I like the company and the project, There is a lot of upside and I happen to agree with all those who are planning on going into production. I think you would see something like a investment of about $6.4 million in equity and debt of $25.6 million. Once the market gets to grips with the numbers and the project, I think there will be a much higher valuation put on the company.

But Andean isn't betting the company on one good company-making project. They have spent several years putting together a land position of 1,300 hectares some 35 kilometers from the Newmont-owned giant Yanacocha gold mine. Earlier this year, AAG did a deal and rolled the Sinchao property into newly-created Sinchao Metals Corporation for 36 million shares and warrants on another 3 million shares. Their ownership of the new company will be about 78% fully diluted. Shareholders approved the merger/takeover on December 15th and the new company begins trading on December 21 under the symbol SMZ. The old shell traded under the symbol DIP.P and closed at $.19 before a 6-1 rollback so Andean management believes the new company will begin to trade at about $1.14 on December 21.

The Sinchao project is a giant scale polymetallic deposit with geological potential in the range of 500 million to a billion tons. Andean felt that their time and money would be better spent on getting the Invicta property into production so they retain a large percentage of ownership in the project but Sinchao will have it's own team of management.

The Sinchao copper-gold-lead-zinc porphyry system is located literally right next door to Goldfields' new Cerro Corona, about 3.5 km south. There has been small scale gold and copper mining on the property in the past and Andean employs locals in a remediation project cleaning up some of the environmental mess left by previous mining. It's a massive but low grade system previously uneconomic but the project has enormous potential at current prices for gold and base metals.

Andean was conducting regional mapping earlier this year and discovered a massive skarn zone right at the surface with zinc values of up to 18%. Since 1% zinc now is worth $40 a ton, the new skarn zone might make a perfect starter pit for a large open pit operation. A tiny part of the Sinchao property is subject to a 3% NSR payable to Barrick, overall less than .3%.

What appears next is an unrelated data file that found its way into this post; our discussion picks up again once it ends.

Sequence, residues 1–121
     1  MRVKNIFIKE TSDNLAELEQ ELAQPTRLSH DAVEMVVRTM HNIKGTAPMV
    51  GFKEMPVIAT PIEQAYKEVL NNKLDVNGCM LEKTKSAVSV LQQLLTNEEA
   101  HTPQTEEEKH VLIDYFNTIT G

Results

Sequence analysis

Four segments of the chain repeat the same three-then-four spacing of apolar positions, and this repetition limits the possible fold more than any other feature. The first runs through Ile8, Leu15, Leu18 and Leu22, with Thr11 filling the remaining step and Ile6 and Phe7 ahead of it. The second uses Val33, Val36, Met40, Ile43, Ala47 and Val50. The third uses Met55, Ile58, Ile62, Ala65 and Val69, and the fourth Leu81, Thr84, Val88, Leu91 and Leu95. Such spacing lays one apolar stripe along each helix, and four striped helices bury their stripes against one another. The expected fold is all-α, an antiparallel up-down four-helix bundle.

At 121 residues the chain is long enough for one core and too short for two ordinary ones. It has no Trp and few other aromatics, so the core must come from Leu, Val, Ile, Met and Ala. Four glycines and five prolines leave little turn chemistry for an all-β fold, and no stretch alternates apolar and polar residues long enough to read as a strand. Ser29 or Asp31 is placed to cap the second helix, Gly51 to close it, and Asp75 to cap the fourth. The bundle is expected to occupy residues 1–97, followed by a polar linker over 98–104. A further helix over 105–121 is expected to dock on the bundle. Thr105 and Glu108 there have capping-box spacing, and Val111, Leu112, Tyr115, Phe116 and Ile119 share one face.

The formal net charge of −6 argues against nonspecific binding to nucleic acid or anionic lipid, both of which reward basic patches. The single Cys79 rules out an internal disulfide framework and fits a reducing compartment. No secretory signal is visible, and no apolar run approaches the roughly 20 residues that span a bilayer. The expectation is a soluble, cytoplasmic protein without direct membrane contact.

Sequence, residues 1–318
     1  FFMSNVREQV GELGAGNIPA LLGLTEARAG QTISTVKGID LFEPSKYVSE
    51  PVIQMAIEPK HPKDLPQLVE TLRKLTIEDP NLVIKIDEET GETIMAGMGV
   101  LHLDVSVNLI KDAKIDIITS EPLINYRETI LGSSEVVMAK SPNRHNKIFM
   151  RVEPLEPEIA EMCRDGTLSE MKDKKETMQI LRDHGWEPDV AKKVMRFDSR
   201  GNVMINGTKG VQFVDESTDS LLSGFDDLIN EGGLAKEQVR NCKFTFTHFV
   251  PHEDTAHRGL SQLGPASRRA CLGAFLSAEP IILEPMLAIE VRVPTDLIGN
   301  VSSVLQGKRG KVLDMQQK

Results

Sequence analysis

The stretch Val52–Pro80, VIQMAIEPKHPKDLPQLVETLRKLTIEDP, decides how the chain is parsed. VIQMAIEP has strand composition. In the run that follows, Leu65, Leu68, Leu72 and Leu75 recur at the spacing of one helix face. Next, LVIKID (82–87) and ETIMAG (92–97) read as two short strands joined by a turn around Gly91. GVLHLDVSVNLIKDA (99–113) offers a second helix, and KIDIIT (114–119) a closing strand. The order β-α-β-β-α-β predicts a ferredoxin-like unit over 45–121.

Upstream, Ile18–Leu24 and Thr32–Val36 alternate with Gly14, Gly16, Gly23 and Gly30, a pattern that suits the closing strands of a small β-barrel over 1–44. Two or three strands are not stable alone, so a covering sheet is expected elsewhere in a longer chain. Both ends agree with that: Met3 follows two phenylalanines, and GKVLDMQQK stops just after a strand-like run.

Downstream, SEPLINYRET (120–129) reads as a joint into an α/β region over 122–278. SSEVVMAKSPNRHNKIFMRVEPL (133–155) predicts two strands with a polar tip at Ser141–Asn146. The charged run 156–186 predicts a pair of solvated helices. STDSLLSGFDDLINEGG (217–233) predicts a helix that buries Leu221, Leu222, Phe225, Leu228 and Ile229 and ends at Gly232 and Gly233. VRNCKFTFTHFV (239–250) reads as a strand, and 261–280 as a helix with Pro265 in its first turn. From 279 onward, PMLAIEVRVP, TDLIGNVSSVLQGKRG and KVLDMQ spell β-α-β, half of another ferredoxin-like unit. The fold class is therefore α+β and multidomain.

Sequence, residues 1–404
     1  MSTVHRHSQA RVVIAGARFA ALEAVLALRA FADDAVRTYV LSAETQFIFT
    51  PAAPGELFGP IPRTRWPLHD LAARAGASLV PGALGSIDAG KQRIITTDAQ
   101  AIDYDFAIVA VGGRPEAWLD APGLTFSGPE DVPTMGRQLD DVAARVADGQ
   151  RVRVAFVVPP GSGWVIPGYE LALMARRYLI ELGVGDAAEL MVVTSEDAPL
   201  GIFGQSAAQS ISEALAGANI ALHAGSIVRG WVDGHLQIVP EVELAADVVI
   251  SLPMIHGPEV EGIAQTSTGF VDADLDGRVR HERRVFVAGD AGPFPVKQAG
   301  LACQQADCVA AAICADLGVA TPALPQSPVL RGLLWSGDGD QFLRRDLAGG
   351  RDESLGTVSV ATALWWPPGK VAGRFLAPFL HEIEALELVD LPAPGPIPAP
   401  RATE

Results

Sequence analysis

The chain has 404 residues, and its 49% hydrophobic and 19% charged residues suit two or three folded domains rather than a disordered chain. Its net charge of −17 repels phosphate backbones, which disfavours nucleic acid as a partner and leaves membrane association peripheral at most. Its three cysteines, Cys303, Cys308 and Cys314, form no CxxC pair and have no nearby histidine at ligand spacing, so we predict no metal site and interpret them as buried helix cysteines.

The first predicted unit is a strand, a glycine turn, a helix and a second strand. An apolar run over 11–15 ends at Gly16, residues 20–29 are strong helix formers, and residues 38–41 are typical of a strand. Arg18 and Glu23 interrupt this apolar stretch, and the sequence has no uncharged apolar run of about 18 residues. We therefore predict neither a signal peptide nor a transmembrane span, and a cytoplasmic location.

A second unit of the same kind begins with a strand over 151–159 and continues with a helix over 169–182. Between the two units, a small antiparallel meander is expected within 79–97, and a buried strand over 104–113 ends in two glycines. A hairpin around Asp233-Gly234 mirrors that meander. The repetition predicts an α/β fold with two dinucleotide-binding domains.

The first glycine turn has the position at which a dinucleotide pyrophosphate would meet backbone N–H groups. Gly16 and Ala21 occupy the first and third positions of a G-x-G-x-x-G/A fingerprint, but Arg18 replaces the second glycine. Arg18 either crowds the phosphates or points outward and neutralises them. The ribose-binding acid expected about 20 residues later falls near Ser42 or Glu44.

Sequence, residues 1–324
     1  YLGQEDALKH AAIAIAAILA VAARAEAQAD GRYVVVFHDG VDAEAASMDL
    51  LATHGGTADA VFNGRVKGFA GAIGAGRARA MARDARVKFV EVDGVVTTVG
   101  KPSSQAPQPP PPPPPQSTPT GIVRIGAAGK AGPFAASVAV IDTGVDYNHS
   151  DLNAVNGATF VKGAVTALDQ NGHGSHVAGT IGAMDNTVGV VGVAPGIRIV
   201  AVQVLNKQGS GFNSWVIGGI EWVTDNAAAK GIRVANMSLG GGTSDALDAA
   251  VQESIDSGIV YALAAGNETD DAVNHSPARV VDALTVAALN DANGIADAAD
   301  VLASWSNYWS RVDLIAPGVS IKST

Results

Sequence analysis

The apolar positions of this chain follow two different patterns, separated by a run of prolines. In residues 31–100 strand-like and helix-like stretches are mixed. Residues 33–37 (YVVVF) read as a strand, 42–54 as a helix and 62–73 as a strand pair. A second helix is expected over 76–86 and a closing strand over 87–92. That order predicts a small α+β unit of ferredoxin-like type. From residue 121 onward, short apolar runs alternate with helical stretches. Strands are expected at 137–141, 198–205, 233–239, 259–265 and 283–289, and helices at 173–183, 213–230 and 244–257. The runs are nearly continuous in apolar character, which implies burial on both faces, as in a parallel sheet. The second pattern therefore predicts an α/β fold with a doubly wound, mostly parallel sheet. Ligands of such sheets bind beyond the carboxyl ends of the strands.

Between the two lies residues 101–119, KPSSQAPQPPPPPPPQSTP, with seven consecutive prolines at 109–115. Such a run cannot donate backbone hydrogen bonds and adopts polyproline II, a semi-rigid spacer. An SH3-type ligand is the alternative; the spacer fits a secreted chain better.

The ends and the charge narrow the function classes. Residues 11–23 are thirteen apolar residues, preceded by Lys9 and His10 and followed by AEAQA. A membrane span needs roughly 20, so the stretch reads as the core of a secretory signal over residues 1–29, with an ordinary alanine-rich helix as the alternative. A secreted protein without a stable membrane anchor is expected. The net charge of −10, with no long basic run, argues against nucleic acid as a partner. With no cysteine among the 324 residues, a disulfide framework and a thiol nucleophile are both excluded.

I liken today's environment for junior mining companies to that of a thousand people crowded in a single room, all screaming at the top of their voices. We have the largest mineral boom in recorded history with all minerals in shortage at the same time due to the incredible demand from China and India. It's very hard for a junior to be noticed or to stand above the crowd. After all, there are 999 other juniors, with project perhaps as worthy of notice, all trying to be heard by investors at the same time.

I think AAG has done an incredible job of increasing shareholder value. They have spent the last two years building shareholder value by picking up appropriate projects. By focusing their primary effort on getting financing for the Invicta project, they have bitten off a piece of the pie easy to digest and easy for investors to understand. If you value gold in the ground at $30, the stock is worth about $1 a share. If you use the more reasonable $100 an ounce, that makes a $3.33 stock. But you still have almost 20,000 ounces a year being produced at Santa Rosa and if they can get recoveries up and costs down, that's worth at least $1 a share.

When you consider the real prize, the massive Sinchao porphyry copper-gold project, you have the fixings for a nice meal. You don't have to determine what it is worth, the market will determine it for you. At the estimated market opening price on December 21 of $1.14, Sinchao Metals Corp SMZ should be worth about $.66 per share of Andean American.

All of this makes Andean American a very undervalued stock. I am biased, I participated in a recent private placement at $1 a share so we have a vested interest. And Andean American Mining is an advertiser even if Sinchao Metals is not. I like the projects I saw, I like the management team.

President and CEO John Huguet has done an incredible job of making the market understand the value of the company. I would not be in the slightest bit surprised if Goldfields figures out that they would be better off inside the tent than outside with a major project just 3.5 Km from their new processing facility at Cerro Corona needing a steady supply of new ore. Alternatively, they can watch some other major leap into their neighborhood. John has done an excellent job of adding value and making it possible for investors to see that value reflected in the price of the stock.

Andean American Mining
AAG-V $.91 Canadian (Dec 18, 2006)
51.5 million shares
Andean American
Sinchao Metals Corp
SMZ-V starts trading Dec 21st
55.7 million shares fully diluted
Sinchao Metals

Bob Moriarty
President: 321gold